How To Deal With Digestive Issues


Disclaimer: I am not a doctor. This is entirely based on my own experience and research. Use discretion when following these guidelines and consult your doctor if you are unsure if a recommendation may be helpful for you. This post is not sponsored and does not contain any affiliate links.

It seems like more and more people are struggling with digestive issues lately. Whether it is bloating, cramping, or food sensitivities, more people than ever are experiencing digestive distress. I myself have suffered from IBS (irritable bowel syndrome) for 5 years now and although it has gotten better, it is something I deal with on a daily basis.

While I only have experience with my own symptoms, I hope I can be of help to some of you in dealing with yours. Below, you will find some of my tips for dealing with symptoms like bloating, cramping and pain, as well as some helpful resources.

Everyone feels bloated from time to time, and some people even mistake a feeling of being full or having a “food baby” for bloating. But bloating can occur even when you haven’t eaten a large quantity of food, and it can last much longer than it would take to digest a meal.

Tips for dealing with bloating:

1. Don’t drink water right before eating something. If you can wait about 5-10 minutes after drinking liquid before eating, your digestive system will function better.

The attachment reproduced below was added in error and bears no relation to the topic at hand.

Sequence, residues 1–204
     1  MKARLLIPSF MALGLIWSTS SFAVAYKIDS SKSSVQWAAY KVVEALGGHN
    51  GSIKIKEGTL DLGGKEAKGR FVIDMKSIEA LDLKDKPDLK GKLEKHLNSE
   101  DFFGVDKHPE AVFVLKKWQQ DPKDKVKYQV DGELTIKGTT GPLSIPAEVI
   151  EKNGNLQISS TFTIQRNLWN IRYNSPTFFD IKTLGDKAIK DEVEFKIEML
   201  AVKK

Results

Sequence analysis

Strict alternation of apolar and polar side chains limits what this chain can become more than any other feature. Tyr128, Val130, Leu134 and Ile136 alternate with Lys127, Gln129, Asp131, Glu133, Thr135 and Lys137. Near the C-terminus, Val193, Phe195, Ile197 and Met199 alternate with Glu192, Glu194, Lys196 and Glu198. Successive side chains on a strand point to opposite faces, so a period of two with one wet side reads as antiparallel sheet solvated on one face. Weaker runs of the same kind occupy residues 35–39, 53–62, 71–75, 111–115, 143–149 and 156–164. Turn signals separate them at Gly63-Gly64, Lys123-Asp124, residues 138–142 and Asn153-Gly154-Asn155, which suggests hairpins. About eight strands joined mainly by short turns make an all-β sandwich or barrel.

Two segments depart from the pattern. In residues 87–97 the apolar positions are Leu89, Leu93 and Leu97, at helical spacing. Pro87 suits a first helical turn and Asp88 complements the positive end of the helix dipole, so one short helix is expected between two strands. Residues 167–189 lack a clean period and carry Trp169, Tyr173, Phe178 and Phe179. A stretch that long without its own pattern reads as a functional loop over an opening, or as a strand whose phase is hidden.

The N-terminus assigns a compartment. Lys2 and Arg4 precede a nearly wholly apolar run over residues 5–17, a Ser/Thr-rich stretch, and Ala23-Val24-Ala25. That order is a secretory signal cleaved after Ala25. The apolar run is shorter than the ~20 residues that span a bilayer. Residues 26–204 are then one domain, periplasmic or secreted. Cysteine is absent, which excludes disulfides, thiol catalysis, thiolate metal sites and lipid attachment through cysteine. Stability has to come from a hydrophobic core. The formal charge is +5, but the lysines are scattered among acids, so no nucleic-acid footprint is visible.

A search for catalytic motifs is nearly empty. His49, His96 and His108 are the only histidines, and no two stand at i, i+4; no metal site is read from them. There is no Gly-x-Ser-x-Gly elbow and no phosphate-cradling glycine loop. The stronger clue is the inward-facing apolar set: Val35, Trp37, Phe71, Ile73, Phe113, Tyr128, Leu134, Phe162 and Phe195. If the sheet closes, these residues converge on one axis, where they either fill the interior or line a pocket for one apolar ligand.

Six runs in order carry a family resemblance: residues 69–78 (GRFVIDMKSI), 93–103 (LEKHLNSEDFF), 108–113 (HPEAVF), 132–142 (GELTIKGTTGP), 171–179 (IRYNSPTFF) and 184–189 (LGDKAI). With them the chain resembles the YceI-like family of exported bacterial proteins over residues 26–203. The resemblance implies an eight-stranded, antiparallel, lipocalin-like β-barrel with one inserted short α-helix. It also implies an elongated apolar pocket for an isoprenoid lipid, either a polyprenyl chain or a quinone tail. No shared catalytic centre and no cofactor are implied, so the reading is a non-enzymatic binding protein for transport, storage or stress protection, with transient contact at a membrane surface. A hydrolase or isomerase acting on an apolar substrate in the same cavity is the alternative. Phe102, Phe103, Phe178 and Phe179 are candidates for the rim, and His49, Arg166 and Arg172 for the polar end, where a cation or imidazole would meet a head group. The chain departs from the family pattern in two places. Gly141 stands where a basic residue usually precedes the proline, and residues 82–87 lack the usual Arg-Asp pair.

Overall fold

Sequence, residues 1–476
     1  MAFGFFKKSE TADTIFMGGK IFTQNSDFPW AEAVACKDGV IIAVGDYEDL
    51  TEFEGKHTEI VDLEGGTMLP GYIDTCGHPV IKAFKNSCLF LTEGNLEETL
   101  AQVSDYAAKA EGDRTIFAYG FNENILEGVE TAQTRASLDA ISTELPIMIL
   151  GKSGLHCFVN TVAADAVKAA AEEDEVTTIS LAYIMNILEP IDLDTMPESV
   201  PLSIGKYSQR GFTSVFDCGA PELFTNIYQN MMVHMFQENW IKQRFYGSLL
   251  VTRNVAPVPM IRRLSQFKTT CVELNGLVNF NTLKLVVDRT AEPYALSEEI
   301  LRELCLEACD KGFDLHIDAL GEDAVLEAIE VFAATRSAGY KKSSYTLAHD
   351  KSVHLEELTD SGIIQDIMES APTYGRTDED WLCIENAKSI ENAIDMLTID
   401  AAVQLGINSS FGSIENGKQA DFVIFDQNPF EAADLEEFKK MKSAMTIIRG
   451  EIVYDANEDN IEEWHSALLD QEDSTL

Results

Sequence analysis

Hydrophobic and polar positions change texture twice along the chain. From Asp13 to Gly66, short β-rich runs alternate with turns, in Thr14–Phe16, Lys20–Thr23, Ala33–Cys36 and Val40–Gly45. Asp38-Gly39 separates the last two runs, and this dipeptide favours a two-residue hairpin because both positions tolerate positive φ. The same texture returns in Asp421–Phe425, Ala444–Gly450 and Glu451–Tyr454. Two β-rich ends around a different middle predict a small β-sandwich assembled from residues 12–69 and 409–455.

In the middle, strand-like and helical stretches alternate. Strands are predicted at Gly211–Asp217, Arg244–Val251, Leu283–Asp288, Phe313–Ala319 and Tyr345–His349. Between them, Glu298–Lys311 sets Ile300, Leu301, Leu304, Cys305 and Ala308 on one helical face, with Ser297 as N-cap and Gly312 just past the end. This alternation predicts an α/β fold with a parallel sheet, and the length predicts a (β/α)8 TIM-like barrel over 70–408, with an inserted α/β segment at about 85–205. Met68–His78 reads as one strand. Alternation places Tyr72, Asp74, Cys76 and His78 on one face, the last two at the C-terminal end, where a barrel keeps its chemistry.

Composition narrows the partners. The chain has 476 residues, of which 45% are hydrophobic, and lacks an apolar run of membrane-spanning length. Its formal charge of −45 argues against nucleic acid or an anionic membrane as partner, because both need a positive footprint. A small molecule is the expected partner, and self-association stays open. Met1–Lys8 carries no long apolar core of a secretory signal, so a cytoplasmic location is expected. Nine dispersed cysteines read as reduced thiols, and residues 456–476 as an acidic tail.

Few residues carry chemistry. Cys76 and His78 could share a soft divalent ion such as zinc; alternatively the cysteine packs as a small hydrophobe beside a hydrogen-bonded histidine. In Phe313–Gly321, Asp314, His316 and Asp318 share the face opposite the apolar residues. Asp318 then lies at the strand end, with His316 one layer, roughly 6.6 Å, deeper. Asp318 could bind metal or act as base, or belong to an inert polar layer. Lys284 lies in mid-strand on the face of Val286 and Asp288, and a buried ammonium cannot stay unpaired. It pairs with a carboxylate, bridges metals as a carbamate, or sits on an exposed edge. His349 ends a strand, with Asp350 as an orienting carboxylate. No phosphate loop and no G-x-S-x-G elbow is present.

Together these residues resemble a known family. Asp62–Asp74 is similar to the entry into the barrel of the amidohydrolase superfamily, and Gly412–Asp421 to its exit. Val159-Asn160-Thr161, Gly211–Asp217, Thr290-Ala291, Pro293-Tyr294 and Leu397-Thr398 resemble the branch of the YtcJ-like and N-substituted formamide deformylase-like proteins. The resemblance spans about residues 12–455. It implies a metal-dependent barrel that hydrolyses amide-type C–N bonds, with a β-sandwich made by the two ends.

2. Go for a light walk. It may be uncomfortable to move when you are bloated but the more you can get your body moving the quicker it will pass.
3. Identify what foods cause you to become bloated. For me, it is garlic and onions. I try to avoid them as much as possible.
4. Take deep breaths. This may seem a bit strange, but when I am painfully bloated I like to lay down comfortably and breath calmly and deeply. I also rub my stomach in a circular motion gently and I find it can help with the discomfort. I think it has more to do with relaxing your muscles and nervous system, and it really seems to help.
5. Take an “anti-flatulence” type of pill that can help reduce your bloating faster. Most anti-gas medications can be found in pharmacies or grocery stores, and contain an ingredient called simethicone. I have used a few brands and they are all essentially the same. They have saved me many times and I am not above taking these when I need to. I try to use natural methods first, but sometimes you need to use medication and that is okay.

Stomach cramps are differently from menstrual cramps. Stomach cramps can happen out of the blue and take you by surprise. Often, they are a result of eating the wrong foods together, or having too much fibre at once. If you experience occasional digestive cramping, check out my tips below:

1. Try to eat fruit by itself. If you eat a burger and then have fruit afterwards, you could experience cramping and bloating because fruit digests a lot quicker than fat and protein. If you can, eat fruit earlier on in the day, and try not to mix it with foods that take longer to digest.